Welsh Labour conference: Bid to 'build on our record'
Wales is "on the up" under Labour, the first minister has said as he prepares to launch the party's assembly re-election bid.
Speaking ahead of Labour's spring conference in Llandudno, Carwyn Jones said it achieved promises made in 2011 despite "huge cuts" from Westminster.
He hailed improved exam results, jobless figures, and cancer survival rates.
Mr Jones warned against handing power to a "ragbag coalition".
Labour has been in power in the Senedd since its creation in 1999, and is hoping to secure another five-year term in office at the election in May.
It currently holds 30 of the assembly's 60 seats.
"This year's conference and the upcoming election represents the half-way point in our decade of delivery," said Mr Jones, first minister since 2009.
"We achieved all the promises we set out in 2011 despite huge cuts from the Tories and now we must win again to build on our record.
"Wales is on the up. Exam results, employment figures, cancer survival rates - all going up."
Labour's campaign pledges for 2016 include 100,000 new apprentices and a fund to pay for new drugs on the NHS.
Mr Jones added: "There is a new momentum in Wales - in the performance of our schools, in the numbers of new jobs and in the performance of our NHS.
"Now it is time to build on the strong foundations we have laid - not risk it all with a ragbag coalition of other parties combining economic illiteracy and huge cuts to services."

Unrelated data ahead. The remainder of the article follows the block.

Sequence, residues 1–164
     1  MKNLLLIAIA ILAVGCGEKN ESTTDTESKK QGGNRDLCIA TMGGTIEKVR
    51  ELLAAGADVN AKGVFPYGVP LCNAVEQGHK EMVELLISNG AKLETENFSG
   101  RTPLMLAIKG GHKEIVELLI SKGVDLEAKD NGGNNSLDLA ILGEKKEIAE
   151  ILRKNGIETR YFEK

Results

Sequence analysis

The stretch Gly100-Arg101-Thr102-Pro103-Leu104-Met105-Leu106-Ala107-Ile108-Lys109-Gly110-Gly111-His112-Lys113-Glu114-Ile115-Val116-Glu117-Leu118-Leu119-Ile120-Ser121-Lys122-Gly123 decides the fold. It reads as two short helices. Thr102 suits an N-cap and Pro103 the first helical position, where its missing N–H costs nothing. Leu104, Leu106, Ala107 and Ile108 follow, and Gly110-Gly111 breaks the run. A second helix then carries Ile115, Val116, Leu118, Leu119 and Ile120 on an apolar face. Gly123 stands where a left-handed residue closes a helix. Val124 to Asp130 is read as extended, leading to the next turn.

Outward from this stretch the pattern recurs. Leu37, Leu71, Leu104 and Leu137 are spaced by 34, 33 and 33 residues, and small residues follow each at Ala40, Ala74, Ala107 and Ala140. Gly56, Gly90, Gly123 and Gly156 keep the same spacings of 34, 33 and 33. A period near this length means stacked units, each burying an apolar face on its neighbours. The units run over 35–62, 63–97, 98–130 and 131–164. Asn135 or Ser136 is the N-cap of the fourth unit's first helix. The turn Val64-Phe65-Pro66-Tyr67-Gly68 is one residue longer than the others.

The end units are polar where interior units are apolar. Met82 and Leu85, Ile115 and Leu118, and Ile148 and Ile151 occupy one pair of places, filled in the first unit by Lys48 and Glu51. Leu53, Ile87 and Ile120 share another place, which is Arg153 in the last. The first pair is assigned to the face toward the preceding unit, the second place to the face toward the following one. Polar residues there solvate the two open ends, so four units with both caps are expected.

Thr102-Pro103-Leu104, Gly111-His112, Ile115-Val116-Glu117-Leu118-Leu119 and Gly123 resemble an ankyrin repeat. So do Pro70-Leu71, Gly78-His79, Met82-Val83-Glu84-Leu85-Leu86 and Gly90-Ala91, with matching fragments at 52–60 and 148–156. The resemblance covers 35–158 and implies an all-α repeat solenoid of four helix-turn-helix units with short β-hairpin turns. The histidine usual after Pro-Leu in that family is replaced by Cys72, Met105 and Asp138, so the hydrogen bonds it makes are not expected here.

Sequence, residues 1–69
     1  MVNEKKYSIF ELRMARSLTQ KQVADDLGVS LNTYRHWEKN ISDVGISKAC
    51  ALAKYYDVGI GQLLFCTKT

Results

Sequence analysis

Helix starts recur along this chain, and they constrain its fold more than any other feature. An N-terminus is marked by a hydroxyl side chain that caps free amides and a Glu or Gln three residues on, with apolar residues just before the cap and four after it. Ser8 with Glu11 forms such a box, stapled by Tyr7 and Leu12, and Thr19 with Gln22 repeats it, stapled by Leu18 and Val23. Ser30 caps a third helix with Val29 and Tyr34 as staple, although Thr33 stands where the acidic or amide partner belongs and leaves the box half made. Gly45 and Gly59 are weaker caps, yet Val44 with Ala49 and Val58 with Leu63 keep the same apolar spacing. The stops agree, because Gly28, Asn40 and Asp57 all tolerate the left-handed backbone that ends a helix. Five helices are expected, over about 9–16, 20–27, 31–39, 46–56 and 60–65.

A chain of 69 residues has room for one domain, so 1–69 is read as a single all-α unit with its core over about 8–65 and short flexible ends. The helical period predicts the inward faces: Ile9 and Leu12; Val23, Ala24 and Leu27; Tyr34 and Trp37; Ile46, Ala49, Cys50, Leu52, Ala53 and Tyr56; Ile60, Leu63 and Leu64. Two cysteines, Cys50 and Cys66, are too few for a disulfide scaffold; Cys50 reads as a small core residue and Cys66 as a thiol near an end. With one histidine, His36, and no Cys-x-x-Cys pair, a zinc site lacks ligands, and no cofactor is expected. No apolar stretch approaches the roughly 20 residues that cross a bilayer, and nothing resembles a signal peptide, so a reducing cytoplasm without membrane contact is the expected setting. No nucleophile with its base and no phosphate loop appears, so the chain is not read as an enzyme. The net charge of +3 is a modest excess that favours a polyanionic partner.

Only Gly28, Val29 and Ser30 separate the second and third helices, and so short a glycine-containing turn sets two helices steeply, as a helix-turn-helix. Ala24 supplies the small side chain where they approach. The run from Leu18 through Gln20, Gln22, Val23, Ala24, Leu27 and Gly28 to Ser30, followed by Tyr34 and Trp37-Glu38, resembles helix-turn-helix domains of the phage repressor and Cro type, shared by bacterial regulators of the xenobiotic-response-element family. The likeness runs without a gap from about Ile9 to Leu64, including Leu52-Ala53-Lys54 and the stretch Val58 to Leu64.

Public Services Minister Leighton Andrews defended the party against opposition claims that Wales needed a change after 17 years of Labour rule.
He pointed out Labour had spent the last five years as a minority government, and had previously been in coalitions with Plaid Cymru and the Liberal Democrats.
"We have to discuss things with other political parties, we have to have input from them, for example to get our budget through," he told BBC Radio Wales on Friday.
"We have a Welsh system of government in which a number of political parties have contributed to the priorities.
"But the people of Wales still endorse Labour as the leadership team for Wales."
The conference takes place on Saturday and Sunday.
Analysis by Vaughan Roderick, BBC Welsh Affairs editor
The past 12 months have been amongst the most tumultuous in Labour's history.
After crashing to an unexpected defeat in the general election, the party swung sharply to the left with the election of Jeremy Corbyn as leader and the party at Westminster remains riven over both issues and strategy.
Welsh Labour will be hoping to insulate themselves from the party's wider travails in May's assembly elections by concentrating on the track record of Carwyn Jones' government and the key pledges to be implemented should Labour be returned for a fifth successive term in Cardiff Bay.
Even if the Welsh party succeeds in putting some distance between itself and the UK party, it faces strong challenges over its handling of Welsh public services, in particular the NHS.
The party's patchy record, combined with a mood for change after 17 years of Labour rule in Cardiff Bay, leaves Labour vulnerable and, privately, party sources are resigned to losing ground in May.
The quirks of the assembly electoral system and a divided opposition should see Labour again emerge as easily the largest party in Cardiff Bay.
However, a successful conference would help calm the jitters of activists as the party navigates some very choppy waters.